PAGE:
Category: they called us enemy

+

Immortality and Memory

“Memory,” as George Takei puts it in They Called Us Enemy, “is a wily keeper of the past.” It shifts and moves, changing over time. Memory, as well, is the keeper of the past and the means of immortality. It’s the act of remembering that connects us to those whom we have never personally met, not just with people that we tangibly interacted with … Read More Immortality and Memory

+

Multicultural American Literature Syllabus 2022

Over the past few years, I have taught numerous multicultural American literature courses, at various levels from sophomore to graduate. This semester, the texts center around the question, “Who is American?” Unlike previous semesters, I have read or taught these texts before, so none are really new to me. However, the overarching theme and the focus of the texts has provided me with ways … Read More Multicultural American Literature Syllabus 2022

+

The Unproportional Distribution of Shame: Part I

Guilt and the acknowledgment of wrongdoing constitute one’s feeling of shame. It arises when someone recognizes their culpability in an event or events and feel regret and sadness at their part in the action. On a recent episode of This American Life, Mohamadou Slahi, a man incarcerated at Guantanamo for years before his release, speaks with some of the individuals who interrogated and tortured … Read More The Unproportional Distribution of Shame: Part I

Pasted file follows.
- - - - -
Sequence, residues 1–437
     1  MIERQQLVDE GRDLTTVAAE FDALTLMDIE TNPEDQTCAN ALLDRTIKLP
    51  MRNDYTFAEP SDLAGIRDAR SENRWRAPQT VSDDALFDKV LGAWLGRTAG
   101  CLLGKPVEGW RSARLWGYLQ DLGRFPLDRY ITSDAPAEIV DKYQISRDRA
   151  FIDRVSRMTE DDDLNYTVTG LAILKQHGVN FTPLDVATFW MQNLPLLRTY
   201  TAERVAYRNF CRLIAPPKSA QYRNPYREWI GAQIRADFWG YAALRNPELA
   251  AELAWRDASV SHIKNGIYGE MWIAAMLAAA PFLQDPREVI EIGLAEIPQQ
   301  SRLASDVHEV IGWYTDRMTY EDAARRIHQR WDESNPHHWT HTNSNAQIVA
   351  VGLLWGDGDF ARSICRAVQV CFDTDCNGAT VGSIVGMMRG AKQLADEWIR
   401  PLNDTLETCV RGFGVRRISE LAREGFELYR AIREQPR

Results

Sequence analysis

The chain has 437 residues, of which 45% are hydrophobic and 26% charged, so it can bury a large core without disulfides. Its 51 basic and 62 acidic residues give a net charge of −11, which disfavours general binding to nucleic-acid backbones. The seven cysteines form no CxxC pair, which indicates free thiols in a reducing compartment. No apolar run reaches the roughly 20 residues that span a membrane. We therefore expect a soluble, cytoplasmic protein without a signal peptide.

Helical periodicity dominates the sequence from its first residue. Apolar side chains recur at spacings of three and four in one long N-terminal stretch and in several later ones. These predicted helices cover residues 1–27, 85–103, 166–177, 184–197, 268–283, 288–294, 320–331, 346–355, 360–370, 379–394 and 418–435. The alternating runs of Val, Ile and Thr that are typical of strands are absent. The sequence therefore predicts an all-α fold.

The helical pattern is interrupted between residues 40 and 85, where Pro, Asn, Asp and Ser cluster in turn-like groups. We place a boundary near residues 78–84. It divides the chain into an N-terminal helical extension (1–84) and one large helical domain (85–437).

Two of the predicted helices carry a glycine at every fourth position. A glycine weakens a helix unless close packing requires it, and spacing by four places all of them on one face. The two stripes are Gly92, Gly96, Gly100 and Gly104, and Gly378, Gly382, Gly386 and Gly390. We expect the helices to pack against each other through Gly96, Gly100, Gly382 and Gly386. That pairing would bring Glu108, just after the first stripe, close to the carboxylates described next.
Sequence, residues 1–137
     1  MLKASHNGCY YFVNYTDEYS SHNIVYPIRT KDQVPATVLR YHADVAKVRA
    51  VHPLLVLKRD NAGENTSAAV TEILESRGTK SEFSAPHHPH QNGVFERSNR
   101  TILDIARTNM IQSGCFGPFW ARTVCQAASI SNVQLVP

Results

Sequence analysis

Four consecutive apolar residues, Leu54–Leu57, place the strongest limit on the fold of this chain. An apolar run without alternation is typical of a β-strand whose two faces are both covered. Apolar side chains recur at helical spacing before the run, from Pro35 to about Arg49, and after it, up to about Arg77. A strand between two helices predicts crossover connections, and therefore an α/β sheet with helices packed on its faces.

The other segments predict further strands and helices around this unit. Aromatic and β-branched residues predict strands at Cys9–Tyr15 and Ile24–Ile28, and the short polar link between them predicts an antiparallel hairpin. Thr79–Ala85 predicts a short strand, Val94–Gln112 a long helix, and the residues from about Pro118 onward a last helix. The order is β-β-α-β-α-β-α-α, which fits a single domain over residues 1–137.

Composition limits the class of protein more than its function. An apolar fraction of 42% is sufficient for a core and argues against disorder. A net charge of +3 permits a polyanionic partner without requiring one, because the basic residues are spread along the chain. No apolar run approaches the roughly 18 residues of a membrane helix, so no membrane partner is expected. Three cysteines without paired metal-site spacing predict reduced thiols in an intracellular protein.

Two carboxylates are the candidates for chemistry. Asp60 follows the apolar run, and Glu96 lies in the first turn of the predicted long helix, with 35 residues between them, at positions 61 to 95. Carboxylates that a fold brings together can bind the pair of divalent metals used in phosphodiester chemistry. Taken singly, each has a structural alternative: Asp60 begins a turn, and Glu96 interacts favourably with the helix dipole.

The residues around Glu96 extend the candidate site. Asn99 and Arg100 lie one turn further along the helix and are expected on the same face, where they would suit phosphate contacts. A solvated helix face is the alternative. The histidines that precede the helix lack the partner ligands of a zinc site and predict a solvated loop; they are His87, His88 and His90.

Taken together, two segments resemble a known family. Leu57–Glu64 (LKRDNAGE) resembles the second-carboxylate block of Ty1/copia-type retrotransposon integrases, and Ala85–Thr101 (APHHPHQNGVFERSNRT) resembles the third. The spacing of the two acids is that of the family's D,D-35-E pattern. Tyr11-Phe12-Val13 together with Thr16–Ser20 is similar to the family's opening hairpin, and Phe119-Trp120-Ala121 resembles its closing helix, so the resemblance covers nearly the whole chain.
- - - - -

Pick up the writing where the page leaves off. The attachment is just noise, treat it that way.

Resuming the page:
+

Home in George Takei’s “They Called Us Enemy” & John Okada’s “No-No Boy”

Over the course of George Takei’s They Called Us Enemy, home plays an important thematic role. For Takei and his family, what does home actually mean? They live in an incarceration camp for years, and Takei, the oldest of three children, is only about five or six when they enter they camp. His siblings are younger. So, when the order comes from the camps … Read More Home in George Takei’s “They Called Us Enemy” & John Okada’s “No-No Boy”

+

Emotions in the Gutter: Part II

Last post, I started discussing the separation of illustrations into multiple panels in works such as March and They Called Us Enemy. Today, I want to continue that discussion by looking at some more examples in Takei’s graphic memoir and the ways that Harmony Becker separates larger images into multiple panels to highlight multiple thematic aspects of the narrative, notably the generational trauma that … Read More Emotions in the Gutter: Part II